Influenced by the belief of the British parent that a bad marriage with its aversions is better than free womanhood with its interests, dignity, and leisure, she had consented to marry the elderly wine-merchant as a pis aller, . . . to find afterwards that she had made a mistake. (p. 365)
Reynard had grown to be truly in love with Betty in his mild, placid, durable way—in that way which perhaps, upon the whole, tends most generally to the woman’s comfort under the institution of marriage, if not particularly to her ecstasy. (pp. 530-31)
[T]here is no more indiscreet mood than that of a woman surprised into talk who has long been imposing upon herself a policy of reserve. (p. 553)
Mr. Bealand, the rector: “The tragedy of marriage . . . is full of crises and catastrophes, and ends with the death of one of the actors.” (p 745)
Such a person, such a night, and such a place were unexceptionable materials for a scene in that poetical drama of two which the world has often beheld; which leads up to a contract that causes a slight sinking in the poetry, and a perceptible lack of interest in the play. (p.188)
On his own side it was the usual lowering of the fire—the slackening of a man’s passion for a woman when she becomes his property. (p. 191)
Rosalys had readily imbibed his ideas of their mutual independence; and now, after the lapse of all these years, had acted upon them with the surprising literalness of her sex when they act upon advice at all. (p. 198)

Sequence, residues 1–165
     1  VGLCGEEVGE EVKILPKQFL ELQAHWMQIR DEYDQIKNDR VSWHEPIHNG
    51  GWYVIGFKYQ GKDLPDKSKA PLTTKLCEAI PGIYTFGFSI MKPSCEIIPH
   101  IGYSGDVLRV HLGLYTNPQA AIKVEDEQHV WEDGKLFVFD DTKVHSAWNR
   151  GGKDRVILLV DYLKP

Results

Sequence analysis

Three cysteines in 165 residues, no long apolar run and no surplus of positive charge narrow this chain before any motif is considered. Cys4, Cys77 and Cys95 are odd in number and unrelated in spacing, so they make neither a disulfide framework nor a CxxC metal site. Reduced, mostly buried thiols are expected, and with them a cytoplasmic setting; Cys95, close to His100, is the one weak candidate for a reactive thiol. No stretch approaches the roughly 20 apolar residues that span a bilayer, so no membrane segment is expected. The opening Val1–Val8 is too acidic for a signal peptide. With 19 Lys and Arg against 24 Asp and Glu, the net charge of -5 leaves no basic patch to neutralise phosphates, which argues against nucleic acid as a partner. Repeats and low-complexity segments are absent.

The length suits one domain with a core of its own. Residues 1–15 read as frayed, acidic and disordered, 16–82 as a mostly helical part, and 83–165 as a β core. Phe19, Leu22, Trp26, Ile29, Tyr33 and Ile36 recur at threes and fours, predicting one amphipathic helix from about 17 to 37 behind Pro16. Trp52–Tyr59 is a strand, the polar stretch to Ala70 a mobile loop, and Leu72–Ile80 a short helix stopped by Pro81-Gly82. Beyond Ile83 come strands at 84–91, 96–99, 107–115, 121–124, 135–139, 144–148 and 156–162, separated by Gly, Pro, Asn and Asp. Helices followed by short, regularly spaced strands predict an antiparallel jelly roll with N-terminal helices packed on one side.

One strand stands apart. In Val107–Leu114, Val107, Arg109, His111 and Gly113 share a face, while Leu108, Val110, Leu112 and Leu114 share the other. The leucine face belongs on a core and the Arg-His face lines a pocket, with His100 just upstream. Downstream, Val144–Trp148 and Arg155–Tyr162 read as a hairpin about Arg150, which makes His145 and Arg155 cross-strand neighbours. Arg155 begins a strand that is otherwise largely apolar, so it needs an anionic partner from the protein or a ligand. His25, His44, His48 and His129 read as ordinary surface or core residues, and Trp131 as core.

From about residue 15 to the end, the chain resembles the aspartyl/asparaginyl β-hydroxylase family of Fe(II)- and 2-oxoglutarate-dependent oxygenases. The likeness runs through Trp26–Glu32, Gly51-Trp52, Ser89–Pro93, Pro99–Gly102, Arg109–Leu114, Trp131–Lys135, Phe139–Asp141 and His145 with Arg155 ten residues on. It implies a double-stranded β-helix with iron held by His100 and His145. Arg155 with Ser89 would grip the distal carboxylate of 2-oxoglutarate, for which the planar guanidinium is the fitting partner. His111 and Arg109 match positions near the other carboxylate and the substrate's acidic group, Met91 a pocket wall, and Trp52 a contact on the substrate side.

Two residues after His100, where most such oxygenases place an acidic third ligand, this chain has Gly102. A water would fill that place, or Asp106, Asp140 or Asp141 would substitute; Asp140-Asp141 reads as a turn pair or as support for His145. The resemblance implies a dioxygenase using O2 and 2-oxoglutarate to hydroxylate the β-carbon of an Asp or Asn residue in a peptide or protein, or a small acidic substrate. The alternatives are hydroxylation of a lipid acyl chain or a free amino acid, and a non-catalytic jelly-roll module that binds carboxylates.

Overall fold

[C]hivalrous feelings towards women, originating perhaps in the fact that he knew very little about them, were sufficient to gratify the most exacting of the sex. (p. 199)
From Thomas Hardy: The Complete Poems, ed. James Gibson (Basingstoke: Palgrave, 2001)
Thanks to Bill Morgan for these selections.
“The Coquette, and After” (Gibson 103)
Of sinners two
At last one pays the penalty—
The woman—women always do!
“The Ruined Maid” (Gibson 128)
—‘I wish I had feathers, a fine sweeping gown,
And a delicate face, and could strut about Town!’—
‘My dear—a raw country girl, such as you be,
Cannot quite expect that. You ain’t ruined,’ said she.
“A Sunday Morning Tragedy” (Gibson 155)
O women! Scourged the worst are we. . . .
“The Curate's Kindness” (Gibson 159)
. . . To get freed of her there was the one thing
Had made the change welcome to me.
To go there was ending but badly;
’Twas shame and ’twas pain;
‘But anyhow,’ thought I, ‘thereby I shall gladly
Get free of this forty years’ chain.’
I thought they'd be strangers aroun’ me,
But she’s to be there!
Let me jump out o’ waggon and go back and drown me